Surface Corrosion in this case, the metal corrodes relatively uniformly over the entire surface or over a part of the surface. An example of this is the invisible rusting due to condensation of an anchor in the transition area from the anchor plate to the hole. The result is that the connection that apears completely intact from the outside fails abruptly.
Contact Corrosion If metals with different nobility are in contact with each other in a conductive medium, the less noble metal always corrodes. As a consequence, stainless steel is usually not endangered. What is decisive is the surface ratios of the two types of metal: the greater the surface area of the most noble metal in comparison to the less noble, the greater the corrosion becomes. For example, if large stainless steel sheets are screwed with galvanised screws, the screws will be highly attacked within a small amount of time. In contrast using stainless steel screws for galvanised sheets is not critical.
Stress Corrosion Cracking if internal or external tensile stresses occur, there can be strain and corrosion of the metal. In this process a crack develops and grows due to mechanical stresses which increase, thus preparing a path for progressive corrosion. For example it occurs with A4 steel in an atmosphere containing chlorine (indoor swimming pools etc.). Generally stress corrosion is not visible with fixings and usually leads to sudden failure of the anchoring.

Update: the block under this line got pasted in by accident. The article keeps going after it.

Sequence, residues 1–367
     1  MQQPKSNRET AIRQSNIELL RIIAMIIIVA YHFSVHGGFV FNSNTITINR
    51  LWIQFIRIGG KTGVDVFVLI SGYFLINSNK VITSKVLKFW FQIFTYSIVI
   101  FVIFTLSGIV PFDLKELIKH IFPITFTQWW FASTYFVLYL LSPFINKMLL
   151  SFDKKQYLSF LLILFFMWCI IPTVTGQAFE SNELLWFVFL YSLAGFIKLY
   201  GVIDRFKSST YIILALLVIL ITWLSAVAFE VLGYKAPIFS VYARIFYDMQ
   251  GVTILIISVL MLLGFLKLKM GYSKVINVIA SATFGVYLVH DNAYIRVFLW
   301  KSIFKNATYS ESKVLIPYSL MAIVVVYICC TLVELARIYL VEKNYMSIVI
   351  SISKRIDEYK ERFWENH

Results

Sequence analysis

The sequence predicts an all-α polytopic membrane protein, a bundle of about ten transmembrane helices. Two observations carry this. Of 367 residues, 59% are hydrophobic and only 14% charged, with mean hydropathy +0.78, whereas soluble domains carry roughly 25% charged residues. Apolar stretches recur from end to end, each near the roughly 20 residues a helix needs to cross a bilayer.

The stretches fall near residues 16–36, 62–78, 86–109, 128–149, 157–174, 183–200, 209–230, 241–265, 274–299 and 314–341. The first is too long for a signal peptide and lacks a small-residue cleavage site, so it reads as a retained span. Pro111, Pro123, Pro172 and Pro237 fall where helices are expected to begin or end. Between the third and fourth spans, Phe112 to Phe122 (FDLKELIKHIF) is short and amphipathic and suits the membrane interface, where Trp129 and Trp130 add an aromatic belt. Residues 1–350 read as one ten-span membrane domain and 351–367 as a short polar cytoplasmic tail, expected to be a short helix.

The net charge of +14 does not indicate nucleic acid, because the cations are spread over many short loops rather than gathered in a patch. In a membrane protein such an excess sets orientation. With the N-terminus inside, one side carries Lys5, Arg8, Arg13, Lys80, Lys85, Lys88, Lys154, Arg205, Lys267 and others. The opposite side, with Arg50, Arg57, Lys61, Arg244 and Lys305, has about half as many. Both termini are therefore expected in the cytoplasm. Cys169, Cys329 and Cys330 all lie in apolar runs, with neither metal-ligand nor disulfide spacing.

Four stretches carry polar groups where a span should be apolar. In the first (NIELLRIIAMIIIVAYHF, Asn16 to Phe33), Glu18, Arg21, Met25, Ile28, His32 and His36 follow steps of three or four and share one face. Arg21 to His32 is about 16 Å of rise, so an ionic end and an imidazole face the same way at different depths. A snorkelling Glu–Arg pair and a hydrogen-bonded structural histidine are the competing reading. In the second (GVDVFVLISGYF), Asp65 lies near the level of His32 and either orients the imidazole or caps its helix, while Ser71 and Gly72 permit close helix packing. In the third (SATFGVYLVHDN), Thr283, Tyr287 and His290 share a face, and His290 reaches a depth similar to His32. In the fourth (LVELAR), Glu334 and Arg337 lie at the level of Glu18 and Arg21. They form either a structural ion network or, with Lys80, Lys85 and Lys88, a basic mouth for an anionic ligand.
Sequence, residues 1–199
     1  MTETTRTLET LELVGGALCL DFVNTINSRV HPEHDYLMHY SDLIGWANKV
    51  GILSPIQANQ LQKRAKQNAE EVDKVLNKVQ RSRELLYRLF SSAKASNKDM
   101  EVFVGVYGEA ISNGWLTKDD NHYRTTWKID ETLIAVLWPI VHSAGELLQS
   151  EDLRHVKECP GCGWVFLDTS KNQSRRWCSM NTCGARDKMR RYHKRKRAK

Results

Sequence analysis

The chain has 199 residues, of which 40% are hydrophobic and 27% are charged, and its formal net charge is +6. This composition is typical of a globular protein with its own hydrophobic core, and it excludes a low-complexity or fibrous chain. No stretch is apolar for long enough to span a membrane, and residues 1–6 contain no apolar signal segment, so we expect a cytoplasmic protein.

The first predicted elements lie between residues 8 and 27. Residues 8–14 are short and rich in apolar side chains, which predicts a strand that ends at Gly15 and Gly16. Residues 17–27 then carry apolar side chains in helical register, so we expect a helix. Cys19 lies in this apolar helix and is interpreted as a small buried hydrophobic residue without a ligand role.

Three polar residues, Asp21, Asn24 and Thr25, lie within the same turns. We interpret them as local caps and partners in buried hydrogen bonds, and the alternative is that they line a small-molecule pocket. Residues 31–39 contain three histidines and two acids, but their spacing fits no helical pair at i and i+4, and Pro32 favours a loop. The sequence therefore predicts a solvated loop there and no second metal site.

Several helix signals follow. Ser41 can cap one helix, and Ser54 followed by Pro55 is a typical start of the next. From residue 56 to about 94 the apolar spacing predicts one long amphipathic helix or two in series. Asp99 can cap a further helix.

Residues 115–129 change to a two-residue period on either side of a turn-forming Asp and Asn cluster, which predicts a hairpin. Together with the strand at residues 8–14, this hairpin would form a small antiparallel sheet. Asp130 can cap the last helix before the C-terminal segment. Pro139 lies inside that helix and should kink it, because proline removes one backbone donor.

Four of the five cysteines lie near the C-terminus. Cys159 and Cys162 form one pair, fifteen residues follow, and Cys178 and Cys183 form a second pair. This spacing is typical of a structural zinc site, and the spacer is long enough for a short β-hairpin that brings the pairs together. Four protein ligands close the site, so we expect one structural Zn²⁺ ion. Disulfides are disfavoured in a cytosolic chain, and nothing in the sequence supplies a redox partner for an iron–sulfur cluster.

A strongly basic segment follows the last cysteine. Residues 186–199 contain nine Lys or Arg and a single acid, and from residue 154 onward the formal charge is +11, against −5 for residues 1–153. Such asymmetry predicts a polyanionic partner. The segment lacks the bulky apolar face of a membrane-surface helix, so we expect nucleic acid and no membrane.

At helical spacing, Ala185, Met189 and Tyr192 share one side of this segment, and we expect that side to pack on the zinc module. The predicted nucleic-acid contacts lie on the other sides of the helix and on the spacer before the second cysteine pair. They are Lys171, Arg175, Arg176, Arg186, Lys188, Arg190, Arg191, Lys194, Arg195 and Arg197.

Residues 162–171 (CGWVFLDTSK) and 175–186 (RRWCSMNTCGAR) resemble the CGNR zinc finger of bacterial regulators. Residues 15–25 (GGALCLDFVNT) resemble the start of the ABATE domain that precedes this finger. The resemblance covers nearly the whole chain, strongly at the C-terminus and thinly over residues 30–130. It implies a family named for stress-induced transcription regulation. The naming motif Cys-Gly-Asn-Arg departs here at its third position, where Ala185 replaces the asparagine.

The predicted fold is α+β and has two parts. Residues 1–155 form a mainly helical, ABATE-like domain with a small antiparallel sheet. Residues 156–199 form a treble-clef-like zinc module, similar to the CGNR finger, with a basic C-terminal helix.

There are different methods for protecting fixings from corrosion. The most important methods include:
Zinc Plated is the most frequently used corrosion protection for metal fixings. It consists of a metallic coating with a layer thickness between 5um and 10um. The Zinc plating is carried out either with a blue passivating that gives the anchor a silvery appearance or yellow chromated. Since the zinc plating is worn off over time, it only offers adequate corrosion protection in dry interior rooms.
Fixings of stainless steel A4 (material no. 1.4401 or 1.4571) are suitable for fixings in damp rooms, in open air, in industrial atmospheres or near the sea ( but not directly in sea water). These steels are alloys with a chrome content of at least 12% that forms a passive layer on the steel surface that protects against corrosion.